correlates (e.g. Dhingra, Boduszek, Palmer, & Shevlin, 2014). Consequently, it
is possible that psychopathy factors could associate with intelligence scores in
a number of different directions.
Consistent with the above proposition, Salekin, Neumann, Leistico, and
Zalot (2004), using the Psychopathy Checklist: Youth Version (PCL:YV; Forth,
Kosson, & Hare, 2003), found that the interpersonal dimension of psychopathy
was positively associated with intelligence while the affective dimension was
negatively associated with scores intelligence. In a replication and extension of
Salekin et al.’s (2004) findings, Vitacco, Neumann, and Jackson (2005) found
that verbal intelligence was positively related to the interpersonal dimension
but negatively associated with affective and lifestyle dimensions. Finally,
Neumann and Hare (2008) reported a pattern of results consistent with those
of Vitacco et al. (2005). Thus, research to date suggests a pattern of differential
relations between the psychopathy dimensions and various measures of intelligence, and indicates that the psychopathy–intelligence relationship may differ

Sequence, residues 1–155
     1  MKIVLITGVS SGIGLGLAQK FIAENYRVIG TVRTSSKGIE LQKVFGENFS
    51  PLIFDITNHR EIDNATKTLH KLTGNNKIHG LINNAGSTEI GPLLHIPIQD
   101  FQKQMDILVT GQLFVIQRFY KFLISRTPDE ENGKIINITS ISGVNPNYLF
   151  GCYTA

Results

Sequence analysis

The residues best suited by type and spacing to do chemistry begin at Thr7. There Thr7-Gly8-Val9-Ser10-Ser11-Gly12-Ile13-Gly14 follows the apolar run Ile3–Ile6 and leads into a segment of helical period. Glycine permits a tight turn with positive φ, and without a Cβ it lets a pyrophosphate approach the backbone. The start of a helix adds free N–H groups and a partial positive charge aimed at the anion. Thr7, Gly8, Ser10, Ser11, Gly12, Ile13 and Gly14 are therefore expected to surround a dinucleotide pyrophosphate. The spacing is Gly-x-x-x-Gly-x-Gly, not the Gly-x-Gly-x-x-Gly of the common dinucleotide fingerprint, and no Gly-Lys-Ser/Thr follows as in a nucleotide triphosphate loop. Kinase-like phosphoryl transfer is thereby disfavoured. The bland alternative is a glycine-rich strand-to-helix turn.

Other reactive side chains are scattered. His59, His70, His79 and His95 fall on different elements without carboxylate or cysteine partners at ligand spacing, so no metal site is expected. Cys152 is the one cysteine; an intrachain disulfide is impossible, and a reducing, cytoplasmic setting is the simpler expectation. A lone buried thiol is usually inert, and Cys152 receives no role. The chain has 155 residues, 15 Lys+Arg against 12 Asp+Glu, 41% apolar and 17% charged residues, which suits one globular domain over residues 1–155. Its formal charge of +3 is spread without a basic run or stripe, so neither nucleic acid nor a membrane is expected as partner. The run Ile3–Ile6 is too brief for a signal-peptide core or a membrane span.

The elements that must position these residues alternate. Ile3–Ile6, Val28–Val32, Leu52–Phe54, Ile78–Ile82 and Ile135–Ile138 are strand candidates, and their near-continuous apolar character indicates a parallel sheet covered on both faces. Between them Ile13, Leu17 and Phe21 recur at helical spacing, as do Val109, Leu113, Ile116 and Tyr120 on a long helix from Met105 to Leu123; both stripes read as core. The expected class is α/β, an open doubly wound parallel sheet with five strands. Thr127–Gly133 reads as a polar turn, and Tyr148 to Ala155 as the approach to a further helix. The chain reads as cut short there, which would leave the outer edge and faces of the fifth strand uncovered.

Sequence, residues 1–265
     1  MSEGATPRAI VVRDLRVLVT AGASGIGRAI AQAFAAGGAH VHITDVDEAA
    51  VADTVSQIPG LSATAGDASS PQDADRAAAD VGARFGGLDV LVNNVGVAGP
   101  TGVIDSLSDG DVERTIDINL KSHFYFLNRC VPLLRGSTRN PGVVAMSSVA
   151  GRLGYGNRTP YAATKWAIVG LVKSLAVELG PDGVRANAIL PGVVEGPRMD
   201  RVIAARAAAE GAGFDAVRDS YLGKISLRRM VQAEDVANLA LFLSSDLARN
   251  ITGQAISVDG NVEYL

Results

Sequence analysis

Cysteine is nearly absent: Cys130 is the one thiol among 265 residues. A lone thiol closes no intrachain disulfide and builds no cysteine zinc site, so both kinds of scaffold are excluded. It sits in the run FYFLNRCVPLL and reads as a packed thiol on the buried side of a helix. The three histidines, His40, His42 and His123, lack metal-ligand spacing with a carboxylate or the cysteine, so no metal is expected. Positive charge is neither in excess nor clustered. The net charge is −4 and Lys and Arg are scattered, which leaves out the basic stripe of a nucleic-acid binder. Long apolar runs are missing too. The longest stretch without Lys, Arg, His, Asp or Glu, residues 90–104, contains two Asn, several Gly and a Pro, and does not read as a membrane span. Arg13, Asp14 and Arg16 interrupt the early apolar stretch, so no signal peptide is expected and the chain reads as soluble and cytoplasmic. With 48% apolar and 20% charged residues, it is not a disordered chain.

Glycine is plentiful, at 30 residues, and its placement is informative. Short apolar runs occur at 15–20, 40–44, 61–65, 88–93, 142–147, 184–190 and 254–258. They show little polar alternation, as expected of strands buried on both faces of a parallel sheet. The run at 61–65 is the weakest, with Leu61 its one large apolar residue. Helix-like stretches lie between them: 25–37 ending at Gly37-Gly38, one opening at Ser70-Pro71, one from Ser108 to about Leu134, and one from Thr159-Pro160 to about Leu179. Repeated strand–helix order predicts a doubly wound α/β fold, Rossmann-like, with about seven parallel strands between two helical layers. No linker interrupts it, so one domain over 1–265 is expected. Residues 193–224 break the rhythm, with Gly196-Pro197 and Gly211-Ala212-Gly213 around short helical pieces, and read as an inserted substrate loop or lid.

by sample type. These studies have, however, largely focused on samples of
incarcerated males (Heinzen, Köhler, Godt, Geiger, & Huchzermeier, 2011),
thus the true psychopathy–intelligence relationship may have been obscured.
Other researchers have suggested that an interaction exists between psychopathy and intelligence. However, empirical support for such an interaction
is mixed. Heilbrun (1982) found that individuals with higher psychopathy
C. Bate et al.
scores and lower IQ scores had more previous violent and impulsive offences
than those with high psychopathy and high IQ scores. Johansson and Kerr
(2005) found that higher verbal intelligence scores among psychopathic individuals were associated with an earlier onset of criminal behaviour. This pattern was, however, reversed for non-psychopath criminals, for whom higher
verbal intelligence served as a protective factor and postdicted later onset of
criminal behaviour. By contrast, Walsh, Swogger, and Kosson (2009) found no
interaction between psychopathy and intelligence in postdicting violence.